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Decree by Shah Ismail in Azeri Turkish discovered

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    Posted: 28 Sep 2012 at 01:20


Əbülmüzəffər sözümüz


Əmiri-əzəm əkrəm Musa Dorğut oğlu inayət və şəfqətimiz ümidvar olandan sonra şöylə bilsün kim, iftixarül-əazim vəl-əyan Əhməd ağa Qaramanlu ol tərəfə göndərdük və ol yerin ixtiyarligini kəndunə şəfəqqət etdük. Gərək kim, müşarileyh sözümdən və məsləhətimdən çıxmasun və mütabiət və yardım ona qılsun kim, inşaallah-təala hər nə kim, etmək muradi və istəgi olsa, hasildür. Gündən-günə hər iş vaqe bolsa. Əhməd ağa ittifaqi ilə dərgahi-müəllamizə bildirsünlər kim, hər növ buyruğumuz olsa, əməl etsün, könlümüzə xoş dutub mərhəmətimizə əmrdar olsun.

Təhrirən 7 rəbiüləvvəl, sənə 917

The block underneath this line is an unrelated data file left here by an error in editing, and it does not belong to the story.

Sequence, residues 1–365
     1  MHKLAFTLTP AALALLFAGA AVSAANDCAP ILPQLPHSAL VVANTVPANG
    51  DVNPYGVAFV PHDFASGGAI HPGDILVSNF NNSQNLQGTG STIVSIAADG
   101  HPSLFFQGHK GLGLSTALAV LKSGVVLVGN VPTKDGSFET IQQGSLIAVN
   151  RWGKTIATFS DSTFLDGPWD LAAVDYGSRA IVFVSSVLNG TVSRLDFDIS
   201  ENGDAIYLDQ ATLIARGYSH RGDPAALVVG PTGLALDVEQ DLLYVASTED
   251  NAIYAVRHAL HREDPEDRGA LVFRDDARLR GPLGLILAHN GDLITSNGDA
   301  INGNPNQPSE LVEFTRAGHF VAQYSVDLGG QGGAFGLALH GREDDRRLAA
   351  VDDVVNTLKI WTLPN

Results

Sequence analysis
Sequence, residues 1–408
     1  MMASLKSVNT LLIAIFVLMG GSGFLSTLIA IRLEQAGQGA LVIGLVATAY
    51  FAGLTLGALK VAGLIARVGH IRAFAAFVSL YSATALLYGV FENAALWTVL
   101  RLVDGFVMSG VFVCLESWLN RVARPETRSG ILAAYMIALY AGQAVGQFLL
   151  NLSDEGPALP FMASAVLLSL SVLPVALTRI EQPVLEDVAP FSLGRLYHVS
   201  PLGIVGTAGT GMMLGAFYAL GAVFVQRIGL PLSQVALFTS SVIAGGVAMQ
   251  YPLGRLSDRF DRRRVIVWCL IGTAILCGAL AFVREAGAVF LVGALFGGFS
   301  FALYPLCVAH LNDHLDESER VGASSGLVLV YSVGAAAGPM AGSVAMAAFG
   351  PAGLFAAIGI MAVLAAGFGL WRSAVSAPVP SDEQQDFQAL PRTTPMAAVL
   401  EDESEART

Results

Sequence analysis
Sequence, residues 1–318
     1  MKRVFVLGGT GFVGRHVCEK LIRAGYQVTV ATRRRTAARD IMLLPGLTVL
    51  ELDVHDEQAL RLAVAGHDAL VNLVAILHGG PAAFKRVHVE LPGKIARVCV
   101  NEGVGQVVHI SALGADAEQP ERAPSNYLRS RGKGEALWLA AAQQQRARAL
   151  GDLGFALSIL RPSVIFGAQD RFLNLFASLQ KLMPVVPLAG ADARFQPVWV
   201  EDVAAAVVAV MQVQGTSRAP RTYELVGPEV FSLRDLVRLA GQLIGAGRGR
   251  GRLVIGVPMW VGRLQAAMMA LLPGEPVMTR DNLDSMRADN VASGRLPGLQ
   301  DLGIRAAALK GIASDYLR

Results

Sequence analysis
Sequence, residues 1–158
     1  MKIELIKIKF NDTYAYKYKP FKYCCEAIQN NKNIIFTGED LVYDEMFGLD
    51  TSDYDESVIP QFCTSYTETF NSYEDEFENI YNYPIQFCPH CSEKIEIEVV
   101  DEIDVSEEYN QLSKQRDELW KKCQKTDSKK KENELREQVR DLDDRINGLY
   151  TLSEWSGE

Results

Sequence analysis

Xətm


Edited by Qaradağlı - 28 Sep 2012 at 01:22
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Post Options Post Options   Thanks (0) Thanks(0)   Quote Qaradağlı Quote  Post ReplyReply Direct Link To This Post Posted: 28 Sep 2012 at 01:39
Its about appointment of a Qizilbash chief named Ahmed Agha Qaramanlu as a governor (Beylerbey) to a Safavid province.

"Abulmuzaffar" is the title of Shah Ismail.

Edited by Qaradağlı - 28 Sep 2012 at 03:45
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Post Options Post Options   Thanks (0) Thanks(0)   Quote Qaradağlı Quote  Post ReplyReply Direct Link To This Post Posted: 29 Sep 2012 at 05:57
By Willem Floor & Hasan Javadi